A short while ago, I commented on a thread about the rash of violence, threats, harassment and insults Democratic legislators have endured during the last few days as a direct result of their positions and votes on health care reform. This is part of my comment on the ordeal Representative Bart Stupak has been through because of the way he voted on the legislation:
I am referring to the unspeakable abuse, threats, ridicule, accusations, etc. Representative Stupak and his family have endured since he voted in favor of Health Care Reform.
Six days ago, before the historic vote in the House, Stupak was a principled, decent, patriotic, family loving and—above all—pro-life man.
He was loved and respected by Conservatives, especially, and naturally, by pro-life people.
He then, in good conscience, was able to get the President of the United States to reaffirm in an executive order that no federal funds would be used for abortion.
Then, Sunday night, he cast a vote in Congress.
On Monday, after that historic vote, Stupak was still a principled, decent, patriotic, family loving and—above all—pro-life man.
He had not changed.
But lo and behold, suddenly he was one of the most evil, despised, hated men in America–and we all know what followed.
Now, you tell me, who changed?
Of course, Stupak has not changed. He is today the same man he was a week ago, still pro-life, and still pro-health care for all Americans.
But don’t take my word for it.
Stupak has just written a column in the Washington Post, which he concludes with the following words:
I have said from the start that my goal was to see health-care reform pass while maintaining the long-standing principle of the sanctity of life. The president’s executive order upholds this principle and current law that no federal funds be used for abortion. I and other pro-life Democrats are pleased that we were able to hold true to our principles and vote for a bill that is pro-life at every stage of life and that provides 32 million Americans with access to high-quality, affordable health care.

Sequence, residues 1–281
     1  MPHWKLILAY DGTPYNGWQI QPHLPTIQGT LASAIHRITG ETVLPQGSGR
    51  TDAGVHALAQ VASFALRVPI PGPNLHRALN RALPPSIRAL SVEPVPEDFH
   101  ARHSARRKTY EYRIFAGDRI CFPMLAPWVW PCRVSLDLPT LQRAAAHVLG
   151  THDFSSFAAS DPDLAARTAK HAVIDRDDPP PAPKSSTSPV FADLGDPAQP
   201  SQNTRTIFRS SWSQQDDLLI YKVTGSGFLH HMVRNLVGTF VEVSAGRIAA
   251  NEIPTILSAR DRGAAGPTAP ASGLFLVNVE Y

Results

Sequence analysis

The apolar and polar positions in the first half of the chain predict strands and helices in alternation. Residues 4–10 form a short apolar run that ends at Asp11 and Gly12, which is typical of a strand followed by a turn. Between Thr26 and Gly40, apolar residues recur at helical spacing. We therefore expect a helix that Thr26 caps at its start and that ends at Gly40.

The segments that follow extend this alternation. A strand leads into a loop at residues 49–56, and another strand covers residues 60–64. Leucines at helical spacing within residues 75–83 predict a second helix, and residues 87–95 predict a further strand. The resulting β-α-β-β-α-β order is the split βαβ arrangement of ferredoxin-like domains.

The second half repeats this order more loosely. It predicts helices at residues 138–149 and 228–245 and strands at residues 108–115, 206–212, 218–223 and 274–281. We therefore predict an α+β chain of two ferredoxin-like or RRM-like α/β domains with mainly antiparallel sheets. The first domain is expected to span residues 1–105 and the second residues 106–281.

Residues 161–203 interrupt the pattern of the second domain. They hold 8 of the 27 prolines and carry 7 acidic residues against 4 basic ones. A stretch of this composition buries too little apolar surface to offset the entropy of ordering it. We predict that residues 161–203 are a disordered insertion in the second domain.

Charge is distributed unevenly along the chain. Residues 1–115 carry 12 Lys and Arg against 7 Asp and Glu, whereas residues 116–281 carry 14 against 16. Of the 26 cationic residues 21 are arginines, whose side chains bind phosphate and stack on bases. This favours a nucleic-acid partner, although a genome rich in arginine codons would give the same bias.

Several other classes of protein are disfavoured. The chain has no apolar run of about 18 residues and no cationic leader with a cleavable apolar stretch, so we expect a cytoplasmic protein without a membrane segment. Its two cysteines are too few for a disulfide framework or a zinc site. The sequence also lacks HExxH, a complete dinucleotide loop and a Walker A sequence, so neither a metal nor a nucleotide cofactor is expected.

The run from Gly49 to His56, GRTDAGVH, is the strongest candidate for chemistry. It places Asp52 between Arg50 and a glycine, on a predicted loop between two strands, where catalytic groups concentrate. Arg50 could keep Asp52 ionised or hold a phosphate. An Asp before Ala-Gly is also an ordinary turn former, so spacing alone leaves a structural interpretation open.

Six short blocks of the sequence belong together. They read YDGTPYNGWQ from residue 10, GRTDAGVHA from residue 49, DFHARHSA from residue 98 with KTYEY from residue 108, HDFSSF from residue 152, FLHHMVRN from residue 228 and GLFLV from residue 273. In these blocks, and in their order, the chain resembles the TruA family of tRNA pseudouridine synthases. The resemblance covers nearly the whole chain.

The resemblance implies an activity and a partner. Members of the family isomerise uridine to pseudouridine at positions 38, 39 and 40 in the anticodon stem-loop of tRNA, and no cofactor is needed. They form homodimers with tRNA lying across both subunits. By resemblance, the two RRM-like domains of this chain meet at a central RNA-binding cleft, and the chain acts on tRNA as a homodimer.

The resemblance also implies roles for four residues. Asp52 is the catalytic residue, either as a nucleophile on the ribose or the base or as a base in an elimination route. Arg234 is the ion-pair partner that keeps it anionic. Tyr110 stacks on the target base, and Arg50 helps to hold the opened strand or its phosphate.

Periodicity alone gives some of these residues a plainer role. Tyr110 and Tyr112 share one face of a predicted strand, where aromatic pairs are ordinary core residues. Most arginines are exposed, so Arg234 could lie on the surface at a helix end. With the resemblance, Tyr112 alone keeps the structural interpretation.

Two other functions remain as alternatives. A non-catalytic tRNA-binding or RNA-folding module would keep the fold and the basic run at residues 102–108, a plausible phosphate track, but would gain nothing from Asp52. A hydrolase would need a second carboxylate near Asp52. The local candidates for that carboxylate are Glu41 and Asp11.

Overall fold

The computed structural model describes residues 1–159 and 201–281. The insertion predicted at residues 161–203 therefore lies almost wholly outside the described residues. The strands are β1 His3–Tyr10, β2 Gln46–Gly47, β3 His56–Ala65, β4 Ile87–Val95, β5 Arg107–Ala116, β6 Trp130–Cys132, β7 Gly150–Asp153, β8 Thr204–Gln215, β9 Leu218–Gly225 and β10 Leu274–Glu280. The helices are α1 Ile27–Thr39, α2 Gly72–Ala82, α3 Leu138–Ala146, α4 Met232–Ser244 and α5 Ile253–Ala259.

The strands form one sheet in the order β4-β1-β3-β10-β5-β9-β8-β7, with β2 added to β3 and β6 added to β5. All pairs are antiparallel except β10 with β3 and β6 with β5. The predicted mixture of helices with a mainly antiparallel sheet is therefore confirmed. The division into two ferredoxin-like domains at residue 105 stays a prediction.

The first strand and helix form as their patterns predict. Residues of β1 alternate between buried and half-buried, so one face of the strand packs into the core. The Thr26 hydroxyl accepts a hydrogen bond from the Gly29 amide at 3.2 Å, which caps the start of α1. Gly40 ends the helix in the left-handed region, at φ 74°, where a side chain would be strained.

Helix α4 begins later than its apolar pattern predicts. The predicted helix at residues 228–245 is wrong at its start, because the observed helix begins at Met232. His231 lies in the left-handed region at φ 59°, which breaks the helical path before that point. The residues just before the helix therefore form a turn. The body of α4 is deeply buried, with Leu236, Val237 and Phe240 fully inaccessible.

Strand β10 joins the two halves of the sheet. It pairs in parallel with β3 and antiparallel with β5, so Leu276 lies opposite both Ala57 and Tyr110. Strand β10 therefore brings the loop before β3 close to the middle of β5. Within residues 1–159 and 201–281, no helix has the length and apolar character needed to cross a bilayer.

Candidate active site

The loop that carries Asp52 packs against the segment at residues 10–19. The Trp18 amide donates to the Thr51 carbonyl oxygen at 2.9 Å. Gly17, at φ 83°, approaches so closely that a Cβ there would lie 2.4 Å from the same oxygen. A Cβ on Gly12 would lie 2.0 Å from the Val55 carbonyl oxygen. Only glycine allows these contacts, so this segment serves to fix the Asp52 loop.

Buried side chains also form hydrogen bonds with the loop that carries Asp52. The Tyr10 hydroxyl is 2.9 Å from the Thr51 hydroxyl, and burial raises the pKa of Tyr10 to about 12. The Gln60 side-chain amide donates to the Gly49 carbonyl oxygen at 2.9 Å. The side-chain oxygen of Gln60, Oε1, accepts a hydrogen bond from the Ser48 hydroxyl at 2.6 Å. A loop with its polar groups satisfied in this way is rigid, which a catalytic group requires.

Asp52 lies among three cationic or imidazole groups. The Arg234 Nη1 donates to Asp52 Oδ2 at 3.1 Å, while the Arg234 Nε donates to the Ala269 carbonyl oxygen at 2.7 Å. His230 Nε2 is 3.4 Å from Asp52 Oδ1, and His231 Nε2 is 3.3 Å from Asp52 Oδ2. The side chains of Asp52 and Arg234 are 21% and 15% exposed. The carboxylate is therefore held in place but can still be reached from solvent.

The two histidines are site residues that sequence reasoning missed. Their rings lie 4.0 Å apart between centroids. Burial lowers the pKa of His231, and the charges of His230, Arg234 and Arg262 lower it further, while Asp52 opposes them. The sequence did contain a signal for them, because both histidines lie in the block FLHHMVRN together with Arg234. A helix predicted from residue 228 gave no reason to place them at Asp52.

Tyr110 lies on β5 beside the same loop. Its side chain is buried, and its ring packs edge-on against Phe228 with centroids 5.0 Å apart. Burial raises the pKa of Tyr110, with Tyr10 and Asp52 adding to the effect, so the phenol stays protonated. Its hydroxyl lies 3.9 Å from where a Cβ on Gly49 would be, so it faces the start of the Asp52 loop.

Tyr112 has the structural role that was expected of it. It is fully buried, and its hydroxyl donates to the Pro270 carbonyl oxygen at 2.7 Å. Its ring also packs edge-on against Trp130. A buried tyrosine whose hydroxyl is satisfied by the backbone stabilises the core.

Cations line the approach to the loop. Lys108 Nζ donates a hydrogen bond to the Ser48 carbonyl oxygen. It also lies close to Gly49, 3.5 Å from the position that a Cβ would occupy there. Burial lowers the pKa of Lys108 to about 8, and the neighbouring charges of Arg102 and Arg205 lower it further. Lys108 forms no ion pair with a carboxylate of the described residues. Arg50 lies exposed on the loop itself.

He starts his column as follows:
When I saw that Kathleen Parker’s March 24 op-ed, “Stupak’s original sin,” defined me as a “backstabber,” it reminded me of a Bible verse. Matthew 7:3 asks, “Why do you look at the speck of sawdust in your brother’s eye and pay no attention to the plank in your own eye?”
Stupak then calls into question the true motives of many blogs and organizations claiming to be pro-life: “[They] have become clear in recent days: to politicize life issues as a means to defeat health care reform. One group even sent an e-mail to supporters saying they are ‘working feverishly to stop this legislation from going forward.'”
To read more of Representative Stupak’s unchanged position and principles on the sanctity of life, please click here, and then perhaps we can answer the question as to who changed, who is doing the “backstabbing.”
The author is a retired U.S. Air Force officer and a writer.